Like I mentioned way back when, my style is layered and subtle - there are powerful undercurrents to everything I write. At this point in time, it's likely that I have neither the skill nor the tools to adequately bring them to the surface without ruining the effect. Unfortunately, I'm not blessed with a great deal of cleverness. I'm more of a term paper than pop quiz sort of person. In all likelihood, I'm one of those writers who has to be closely involved with the actors and directors to make my pieces work, at least for the time being. Ironically, this seems to be the sort of thing the Homing Project is about.

January 28, 2010

Name our group

Remember when I told you about that playwrights' group I'm forming? It's gaining momentum now. We even got mentioned on a couple of blogs (like InfiniteBody and Emerging Playwrights).

And by the way - you can now follow me on Twitter.

January 26, 2010

What I'm doing now: forming playwrights of color group

Via our Craigslist ad (h/t LaSmartOne):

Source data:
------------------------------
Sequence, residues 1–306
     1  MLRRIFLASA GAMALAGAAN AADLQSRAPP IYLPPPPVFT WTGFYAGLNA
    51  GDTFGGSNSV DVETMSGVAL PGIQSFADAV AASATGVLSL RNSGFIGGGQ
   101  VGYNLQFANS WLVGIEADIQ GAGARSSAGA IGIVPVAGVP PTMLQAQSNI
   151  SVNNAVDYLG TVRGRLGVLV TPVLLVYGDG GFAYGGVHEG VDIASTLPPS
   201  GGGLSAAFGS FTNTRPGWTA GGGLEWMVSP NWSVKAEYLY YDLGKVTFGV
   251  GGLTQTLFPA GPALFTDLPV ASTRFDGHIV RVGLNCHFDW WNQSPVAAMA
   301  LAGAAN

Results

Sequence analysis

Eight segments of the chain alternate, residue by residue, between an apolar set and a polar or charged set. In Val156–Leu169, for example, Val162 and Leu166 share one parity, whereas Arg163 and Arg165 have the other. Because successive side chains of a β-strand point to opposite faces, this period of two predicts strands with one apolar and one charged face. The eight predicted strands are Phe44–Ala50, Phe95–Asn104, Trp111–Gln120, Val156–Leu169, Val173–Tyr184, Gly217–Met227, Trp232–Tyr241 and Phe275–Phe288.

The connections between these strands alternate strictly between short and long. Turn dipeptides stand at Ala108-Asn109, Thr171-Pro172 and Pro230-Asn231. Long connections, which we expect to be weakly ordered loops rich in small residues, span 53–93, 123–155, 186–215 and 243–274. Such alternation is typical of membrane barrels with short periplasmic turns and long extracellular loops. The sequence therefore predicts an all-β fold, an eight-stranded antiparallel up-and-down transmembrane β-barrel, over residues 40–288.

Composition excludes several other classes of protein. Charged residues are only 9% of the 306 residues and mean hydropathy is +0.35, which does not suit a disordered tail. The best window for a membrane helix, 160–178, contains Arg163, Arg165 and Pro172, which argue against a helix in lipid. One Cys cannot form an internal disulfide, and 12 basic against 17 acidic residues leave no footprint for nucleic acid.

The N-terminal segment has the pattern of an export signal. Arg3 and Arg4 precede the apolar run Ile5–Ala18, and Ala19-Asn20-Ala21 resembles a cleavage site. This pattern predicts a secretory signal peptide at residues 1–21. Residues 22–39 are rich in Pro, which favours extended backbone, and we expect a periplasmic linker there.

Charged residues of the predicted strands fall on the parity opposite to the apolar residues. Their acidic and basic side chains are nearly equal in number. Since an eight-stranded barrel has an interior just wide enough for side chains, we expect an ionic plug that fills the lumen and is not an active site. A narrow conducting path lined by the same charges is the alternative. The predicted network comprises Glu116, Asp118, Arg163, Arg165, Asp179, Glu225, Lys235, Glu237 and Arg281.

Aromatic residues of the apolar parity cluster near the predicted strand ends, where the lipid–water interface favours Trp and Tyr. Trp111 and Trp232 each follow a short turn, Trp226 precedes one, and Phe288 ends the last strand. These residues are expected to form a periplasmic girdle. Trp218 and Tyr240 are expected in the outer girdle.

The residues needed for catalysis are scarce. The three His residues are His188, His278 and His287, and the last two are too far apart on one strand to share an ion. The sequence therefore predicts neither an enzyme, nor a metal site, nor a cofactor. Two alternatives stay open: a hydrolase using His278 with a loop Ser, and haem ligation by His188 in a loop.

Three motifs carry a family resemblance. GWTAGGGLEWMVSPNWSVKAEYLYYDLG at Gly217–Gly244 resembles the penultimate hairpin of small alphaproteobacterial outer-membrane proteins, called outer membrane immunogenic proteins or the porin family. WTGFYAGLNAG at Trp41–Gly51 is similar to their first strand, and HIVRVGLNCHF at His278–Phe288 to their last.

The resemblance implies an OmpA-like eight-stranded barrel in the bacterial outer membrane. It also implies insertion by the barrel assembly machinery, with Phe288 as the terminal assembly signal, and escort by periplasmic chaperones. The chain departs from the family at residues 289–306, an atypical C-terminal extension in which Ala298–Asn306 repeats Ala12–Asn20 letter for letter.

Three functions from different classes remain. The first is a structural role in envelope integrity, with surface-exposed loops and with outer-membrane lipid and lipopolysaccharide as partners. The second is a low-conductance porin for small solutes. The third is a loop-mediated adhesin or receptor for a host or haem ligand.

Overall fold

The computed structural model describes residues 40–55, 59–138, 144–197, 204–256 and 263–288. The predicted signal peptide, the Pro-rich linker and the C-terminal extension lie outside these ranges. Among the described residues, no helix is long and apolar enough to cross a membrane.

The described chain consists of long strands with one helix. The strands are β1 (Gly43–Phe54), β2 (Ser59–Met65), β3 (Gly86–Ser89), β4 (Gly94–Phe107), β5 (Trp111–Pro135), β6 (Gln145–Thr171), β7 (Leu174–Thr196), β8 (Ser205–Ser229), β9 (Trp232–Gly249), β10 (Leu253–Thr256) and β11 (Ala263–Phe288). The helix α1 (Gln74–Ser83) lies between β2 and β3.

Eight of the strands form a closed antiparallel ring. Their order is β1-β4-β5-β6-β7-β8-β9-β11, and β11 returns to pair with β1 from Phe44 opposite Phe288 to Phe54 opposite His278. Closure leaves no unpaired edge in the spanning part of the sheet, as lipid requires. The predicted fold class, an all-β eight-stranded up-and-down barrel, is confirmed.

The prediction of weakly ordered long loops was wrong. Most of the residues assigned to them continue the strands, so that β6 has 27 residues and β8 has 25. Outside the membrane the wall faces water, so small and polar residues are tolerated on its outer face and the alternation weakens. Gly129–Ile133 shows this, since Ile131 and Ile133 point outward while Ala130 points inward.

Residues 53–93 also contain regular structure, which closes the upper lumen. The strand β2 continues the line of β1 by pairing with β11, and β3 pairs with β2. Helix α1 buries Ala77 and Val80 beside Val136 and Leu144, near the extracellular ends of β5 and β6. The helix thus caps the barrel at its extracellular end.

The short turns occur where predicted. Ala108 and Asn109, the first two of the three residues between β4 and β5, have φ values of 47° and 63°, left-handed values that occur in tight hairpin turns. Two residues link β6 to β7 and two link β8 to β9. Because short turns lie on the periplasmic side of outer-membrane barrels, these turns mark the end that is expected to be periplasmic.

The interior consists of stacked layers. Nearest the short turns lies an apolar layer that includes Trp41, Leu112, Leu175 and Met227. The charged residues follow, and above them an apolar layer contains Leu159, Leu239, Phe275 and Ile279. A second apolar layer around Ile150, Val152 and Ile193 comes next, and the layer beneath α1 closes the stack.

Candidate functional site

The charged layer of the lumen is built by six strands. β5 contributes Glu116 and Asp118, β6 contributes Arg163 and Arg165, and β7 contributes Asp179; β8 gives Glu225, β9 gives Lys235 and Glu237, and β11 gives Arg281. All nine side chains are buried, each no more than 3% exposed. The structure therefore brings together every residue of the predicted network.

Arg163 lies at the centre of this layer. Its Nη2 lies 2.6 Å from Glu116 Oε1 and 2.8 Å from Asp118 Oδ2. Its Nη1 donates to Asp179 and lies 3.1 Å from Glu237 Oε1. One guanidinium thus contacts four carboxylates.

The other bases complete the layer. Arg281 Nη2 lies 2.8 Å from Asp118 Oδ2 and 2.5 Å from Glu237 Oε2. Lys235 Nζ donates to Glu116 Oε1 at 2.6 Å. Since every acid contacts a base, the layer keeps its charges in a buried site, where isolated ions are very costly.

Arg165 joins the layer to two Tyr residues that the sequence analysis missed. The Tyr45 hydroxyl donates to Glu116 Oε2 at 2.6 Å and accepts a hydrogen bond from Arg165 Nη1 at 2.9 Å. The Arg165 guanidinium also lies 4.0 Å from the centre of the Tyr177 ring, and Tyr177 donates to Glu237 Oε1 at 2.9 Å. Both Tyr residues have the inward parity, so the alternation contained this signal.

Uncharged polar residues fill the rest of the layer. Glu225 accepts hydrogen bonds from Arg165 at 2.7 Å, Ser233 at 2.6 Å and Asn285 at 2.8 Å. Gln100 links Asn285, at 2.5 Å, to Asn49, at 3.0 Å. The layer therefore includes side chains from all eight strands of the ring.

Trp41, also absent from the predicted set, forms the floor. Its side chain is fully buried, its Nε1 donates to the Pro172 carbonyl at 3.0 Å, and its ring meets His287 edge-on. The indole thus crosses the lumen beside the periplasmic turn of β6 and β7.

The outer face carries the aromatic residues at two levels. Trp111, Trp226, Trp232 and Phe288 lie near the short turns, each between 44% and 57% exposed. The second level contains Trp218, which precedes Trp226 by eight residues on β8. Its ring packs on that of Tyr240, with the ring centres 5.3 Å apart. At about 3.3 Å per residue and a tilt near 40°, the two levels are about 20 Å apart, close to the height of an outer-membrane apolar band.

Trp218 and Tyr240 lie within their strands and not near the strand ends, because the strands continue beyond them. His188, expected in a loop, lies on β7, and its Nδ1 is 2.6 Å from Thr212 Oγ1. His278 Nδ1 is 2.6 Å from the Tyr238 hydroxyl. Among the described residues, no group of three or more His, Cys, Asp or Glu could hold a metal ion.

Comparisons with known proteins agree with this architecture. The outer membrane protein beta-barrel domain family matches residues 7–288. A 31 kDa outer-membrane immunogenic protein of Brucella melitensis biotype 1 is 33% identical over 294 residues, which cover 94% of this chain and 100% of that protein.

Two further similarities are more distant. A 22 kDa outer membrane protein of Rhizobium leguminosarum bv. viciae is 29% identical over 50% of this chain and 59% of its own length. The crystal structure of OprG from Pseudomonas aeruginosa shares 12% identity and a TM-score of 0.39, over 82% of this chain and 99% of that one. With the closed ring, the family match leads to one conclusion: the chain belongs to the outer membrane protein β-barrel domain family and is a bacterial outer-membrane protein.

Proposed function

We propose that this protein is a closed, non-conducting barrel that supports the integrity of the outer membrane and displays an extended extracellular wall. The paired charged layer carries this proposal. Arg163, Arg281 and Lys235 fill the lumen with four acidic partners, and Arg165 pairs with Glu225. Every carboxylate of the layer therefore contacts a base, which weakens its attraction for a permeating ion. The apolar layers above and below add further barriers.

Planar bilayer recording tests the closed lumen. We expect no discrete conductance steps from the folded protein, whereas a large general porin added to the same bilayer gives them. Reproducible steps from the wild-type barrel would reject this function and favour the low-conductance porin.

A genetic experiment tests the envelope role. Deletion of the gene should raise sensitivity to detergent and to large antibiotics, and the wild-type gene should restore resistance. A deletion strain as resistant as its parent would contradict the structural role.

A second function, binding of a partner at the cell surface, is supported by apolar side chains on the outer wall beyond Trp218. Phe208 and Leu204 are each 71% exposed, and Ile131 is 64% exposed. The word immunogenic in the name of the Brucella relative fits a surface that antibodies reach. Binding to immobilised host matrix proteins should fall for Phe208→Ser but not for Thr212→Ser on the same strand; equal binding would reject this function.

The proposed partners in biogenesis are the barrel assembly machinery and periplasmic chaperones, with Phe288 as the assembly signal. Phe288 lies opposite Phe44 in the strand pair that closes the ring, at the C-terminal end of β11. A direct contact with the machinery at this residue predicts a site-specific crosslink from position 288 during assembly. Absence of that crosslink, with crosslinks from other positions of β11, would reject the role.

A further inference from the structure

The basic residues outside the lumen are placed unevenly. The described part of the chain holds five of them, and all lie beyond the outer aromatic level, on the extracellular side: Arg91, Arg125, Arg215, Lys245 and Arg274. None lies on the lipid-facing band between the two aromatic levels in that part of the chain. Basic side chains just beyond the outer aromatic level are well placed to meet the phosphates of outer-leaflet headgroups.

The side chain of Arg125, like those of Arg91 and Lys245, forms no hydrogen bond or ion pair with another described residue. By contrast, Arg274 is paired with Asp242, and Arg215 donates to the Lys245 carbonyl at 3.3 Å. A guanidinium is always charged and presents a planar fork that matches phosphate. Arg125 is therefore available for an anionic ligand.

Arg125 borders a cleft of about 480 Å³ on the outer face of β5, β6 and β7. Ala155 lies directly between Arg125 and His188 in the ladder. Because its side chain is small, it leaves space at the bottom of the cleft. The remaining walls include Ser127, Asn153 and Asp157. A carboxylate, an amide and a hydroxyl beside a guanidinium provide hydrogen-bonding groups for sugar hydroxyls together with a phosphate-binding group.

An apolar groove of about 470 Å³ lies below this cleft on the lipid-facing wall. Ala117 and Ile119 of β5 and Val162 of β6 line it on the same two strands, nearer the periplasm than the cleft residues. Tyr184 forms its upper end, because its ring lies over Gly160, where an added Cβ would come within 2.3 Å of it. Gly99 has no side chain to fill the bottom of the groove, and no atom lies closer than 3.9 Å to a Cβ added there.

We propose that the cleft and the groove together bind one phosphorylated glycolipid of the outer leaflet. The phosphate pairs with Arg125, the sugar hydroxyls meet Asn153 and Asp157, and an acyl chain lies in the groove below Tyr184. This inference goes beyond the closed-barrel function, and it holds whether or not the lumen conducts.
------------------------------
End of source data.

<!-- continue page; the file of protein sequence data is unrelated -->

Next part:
Are you a playwright of color with little or no production experience?

A new weekly or bimonthly playwriting unit of 4-6 writers is forming with the objective of assisting in the development and critique of new work and to collectively explore avenues of production.

Once or twice a month, we will have an in-depth discussion of your script. This group will not only provide the accountability you need to get your first script on paper, but also feedback from other writers on perceived strengths and weaknesses, applications of drama theory, writing ideas and more. Occasionally, we may network with established writers and theater professionals. After a few months, we would like to self-produce a night of readings or a series of small-scale staged productions. We have full-time access to rehearsal loft space in Brooklyn.